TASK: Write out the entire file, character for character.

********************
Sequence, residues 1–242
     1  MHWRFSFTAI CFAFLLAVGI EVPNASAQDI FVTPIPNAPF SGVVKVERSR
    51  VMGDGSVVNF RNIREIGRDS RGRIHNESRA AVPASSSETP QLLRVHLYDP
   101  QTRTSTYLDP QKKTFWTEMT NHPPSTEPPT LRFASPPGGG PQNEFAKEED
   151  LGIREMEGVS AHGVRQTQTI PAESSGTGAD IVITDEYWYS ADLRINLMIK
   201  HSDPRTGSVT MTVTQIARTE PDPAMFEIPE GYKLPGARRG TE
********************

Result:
Sequence, residues 1–242
     1  MHWRFSFTAI CFAFLLAVGI EVPNASAQDI FVTPIPNAPF SGVVKVERSR
    51  VMGDGSVVNF RNIREIGRDS RGRIHNESRA AVPASSSETP QLLRVHLYDP
   101  QTRTSTYLDP QKKTFWTEMT NHPPSTEPPT LRFASPPGGG PQNEFAKEED
   151  LGIREMEGVS AHGVRQTQTI PAESSGTGAD IVITDEYWYS ADLRINLMIK
   201  HSDPRTGSVT MTVTQIARTE PDPAMFEIPE GYKLPGARRG TE